I probably released an ocean’s worth of cortisol during this time because as I’ve said, that is impossible.

CUT TO:

My mind didn’t allow me to let go of my expectations until it was ready.

It was a Thursday in January 2019 when it finally clicked. I was in therapy and verbalizing my racing thoughts. It just came out.

“I am a sick person playing the role of a healthy person.”

I shocked myself, and when the doctored uncharacteristically nodded his head yes, I knew it was time.

Saying it out loud made it real. But also, I had reached a dead end. Each time I tried something new, I did some mental gymnastics and found ways to convince myself this time was different. I wouldn’t fail because (insert skillful justification here.)

This time I tried to become a freelance writer and editor on Upwork. I was chill about the process but quickly learned I’m not capable. The market demands 5000 words for $2 and quick turnaround times. I’m slow like molasses. I realized there was no way I’d be able to deliver quality work consistently.

I gave up one last time. I retired. I was tired, mostly of myself. Things needed to be different. I had a new goal: no new goals. Retirement was about taking it easy. I had spent so much time on my self-help journey so I was already equipped with a mental health tool kit to take me through my days. I also had a new responsibility that was more important: Valentina.

Not trying to live up to an unreachable standard set me free. I felt empowered because I suddenly released the blame. Surrendering made me feel in control. I accepted my lane and no longer felt stupid. I felt like a person who has multiple sclerosis.

I let go and accepted my messy life. I try my best and give myself space when I don’t think it’s good enough. I’m figuring out what I think is good enough. It’s always going to be a journey. For now, I’m buckled in and ready for what’s next. I will certainly keep you posted.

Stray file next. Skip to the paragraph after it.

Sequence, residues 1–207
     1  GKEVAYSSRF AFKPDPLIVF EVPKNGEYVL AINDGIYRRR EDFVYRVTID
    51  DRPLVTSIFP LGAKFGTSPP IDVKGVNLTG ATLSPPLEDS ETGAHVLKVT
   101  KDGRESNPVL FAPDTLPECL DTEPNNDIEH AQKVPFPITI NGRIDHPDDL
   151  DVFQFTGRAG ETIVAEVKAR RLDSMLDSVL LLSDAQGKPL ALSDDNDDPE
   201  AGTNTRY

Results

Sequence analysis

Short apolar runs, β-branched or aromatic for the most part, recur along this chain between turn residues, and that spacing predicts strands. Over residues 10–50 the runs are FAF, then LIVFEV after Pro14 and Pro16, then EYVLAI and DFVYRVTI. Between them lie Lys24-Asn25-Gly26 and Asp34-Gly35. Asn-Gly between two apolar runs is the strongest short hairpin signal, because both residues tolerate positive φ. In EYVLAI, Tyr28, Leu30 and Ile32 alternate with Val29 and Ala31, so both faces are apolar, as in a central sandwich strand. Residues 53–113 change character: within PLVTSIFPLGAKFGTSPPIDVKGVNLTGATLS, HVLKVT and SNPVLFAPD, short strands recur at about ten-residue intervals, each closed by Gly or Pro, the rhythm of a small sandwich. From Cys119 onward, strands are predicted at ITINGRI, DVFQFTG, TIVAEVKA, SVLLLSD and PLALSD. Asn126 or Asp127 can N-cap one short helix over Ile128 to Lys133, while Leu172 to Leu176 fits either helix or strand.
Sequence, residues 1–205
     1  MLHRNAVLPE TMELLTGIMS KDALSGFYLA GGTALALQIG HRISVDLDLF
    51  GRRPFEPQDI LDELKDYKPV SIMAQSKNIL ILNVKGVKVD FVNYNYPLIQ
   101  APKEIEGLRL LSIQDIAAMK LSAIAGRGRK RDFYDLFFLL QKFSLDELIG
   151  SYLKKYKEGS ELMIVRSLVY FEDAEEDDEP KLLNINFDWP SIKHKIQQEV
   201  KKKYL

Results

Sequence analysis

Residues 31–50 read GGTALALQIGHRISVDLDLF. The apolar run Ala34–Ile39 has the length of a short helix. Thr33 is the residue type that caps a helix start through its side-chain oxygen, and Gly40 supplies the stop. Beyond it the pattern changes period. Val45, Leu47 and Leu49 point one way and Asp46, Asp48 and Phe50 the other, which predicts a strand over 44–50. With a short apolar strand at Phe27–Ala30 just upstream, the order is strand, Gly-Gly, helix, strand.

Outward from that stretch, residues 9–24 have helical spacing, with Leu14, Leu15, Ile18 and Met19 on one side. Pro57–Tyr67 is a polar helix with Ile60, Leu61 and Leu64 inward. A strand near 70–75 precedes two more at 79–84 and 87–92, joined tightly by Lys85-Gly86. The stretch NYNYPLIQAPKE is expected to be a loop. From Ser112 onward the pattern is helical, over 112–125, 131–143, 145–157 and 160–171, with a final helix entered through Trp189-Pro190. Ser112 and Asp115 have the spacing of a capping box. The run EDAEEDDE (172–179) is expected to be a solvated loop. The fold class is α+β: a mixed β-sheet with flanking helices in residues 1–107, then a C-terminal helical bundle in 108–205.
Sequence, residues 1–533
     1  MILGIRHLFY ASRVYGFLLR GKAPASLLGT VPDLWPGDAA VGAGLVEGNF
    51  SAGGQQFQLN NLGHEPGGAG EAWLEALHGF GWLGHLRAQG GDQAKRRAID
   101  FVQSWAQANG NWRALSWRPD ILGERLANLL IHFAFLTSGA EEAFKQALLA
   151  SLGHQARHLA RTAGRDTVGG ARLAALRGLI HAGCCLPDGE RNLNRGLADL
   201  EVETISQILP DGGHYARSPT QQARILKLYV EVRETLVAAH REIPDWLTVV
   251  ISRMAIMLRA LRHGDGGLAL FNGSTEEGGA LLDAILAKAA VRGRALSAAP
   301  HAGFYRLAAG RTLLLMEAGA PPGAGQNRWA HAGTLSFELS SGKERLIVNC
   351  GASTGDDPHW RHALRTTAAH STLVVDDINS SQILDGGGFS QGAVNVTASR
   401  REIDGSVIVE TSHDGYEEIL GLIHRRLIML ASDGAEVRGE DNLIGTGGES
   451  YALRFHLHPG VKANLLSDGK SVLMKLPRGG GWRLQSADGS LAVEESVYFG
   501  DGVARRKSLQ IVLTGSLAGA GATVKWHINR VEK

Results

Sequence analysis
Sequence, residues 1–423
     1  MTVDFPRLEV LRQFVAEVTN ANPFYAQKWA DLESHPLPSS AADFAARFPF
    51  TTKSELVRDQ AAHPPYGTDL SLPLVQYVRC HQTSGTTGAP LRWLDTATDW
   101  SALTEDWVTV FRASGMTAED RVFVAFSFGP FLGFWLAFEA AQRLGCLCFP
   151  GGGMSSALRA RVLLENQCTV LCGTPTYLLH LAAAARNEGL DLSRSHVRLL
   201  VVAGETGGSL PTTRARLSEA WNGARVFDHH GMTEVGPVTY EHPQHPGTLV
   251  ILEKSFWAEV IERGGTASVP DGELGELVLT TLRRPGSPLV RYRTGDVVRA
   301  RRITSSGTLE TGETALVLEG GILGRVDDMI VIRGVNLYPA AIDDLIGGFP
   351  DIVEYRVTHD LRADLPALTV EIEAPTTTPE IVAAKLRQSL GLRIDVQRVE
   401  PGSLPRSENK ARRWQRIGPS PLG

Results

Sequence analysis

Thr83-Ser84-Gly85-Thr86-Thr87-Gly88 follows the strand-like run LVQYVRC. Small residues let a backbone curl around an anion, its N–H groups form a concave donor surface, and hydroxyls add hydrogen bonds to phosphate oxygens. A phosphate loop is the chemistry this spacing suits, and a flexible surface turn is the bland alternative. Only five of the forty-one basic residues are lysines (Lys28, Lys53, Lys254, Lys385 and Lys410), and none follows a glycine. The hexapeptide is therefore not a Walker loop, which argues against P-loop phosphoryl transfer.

Originally posted on Medium.

Inside the Patient Entrepreneur’s Mind: John Wilcox

Managing a chronic illness is challenging, whether it is your own or a loved one’s. Starting and running a business also poses unique challenges. If you struggle with a chronic illness, have started a business, or want to start a business, this blog series can help guide you. “Inside the Patient Entrepreneur’s Mind” offers key insights into chronic disease and mission-driven entrepreneurship by some of the most innovative patient entrepreneurs in the world. 

John Wilcox is the CEO & Co-Founder of Diatech Diabetic Technologies, Inc. 

As a patient entrepreneur, can you describe your personal experience with diabetes from diagnosis through your current daily management and how this experience drove you to innovate the space? 

In 2005, I was diagnosed on my ninth birthday. I figured the only way to come out on top was to make it a positive experience. Growing up, I really identified with the disease and now use it as an opportunity to empathize with others with chronic disease. I wanted to go to medical school, and still might, but this opportunity came up in college to develop intellectual property—what is SmartFusion today.

I took on the business full-time post college graduation of May 2019. My diagnosis gives me a leg up on how to develop technology to help diabetes patients. As a collective community, we can appreciate when someone with a disease can relate to us and effectively create change. My condition is something that I can share and allows me to connect to people and understand how other people are struggling—it is one of the best gifts that I could ever ask for. I don’t know what I would do with my career without this diagnosis because it has turned into a passion to help others and a lesson on how to make the best of situations.

What makes SmartFusion unique and how does it meet an unmet need of the diabetes community?

SmartFusion is a new infusion set that can more accurately tell you if insulin delivery is actually getting into your body. SmartFusion is unique in the fact that it helps patients understand if they are getting insulin.  Insulin pumps on the market right now are not really meeting the standard of being able to tell patient users if their insulin delivery is effectively working. We noticed the issue of infusion set insulin delivery failures where pumps can have issues with insulin delivery efficacy.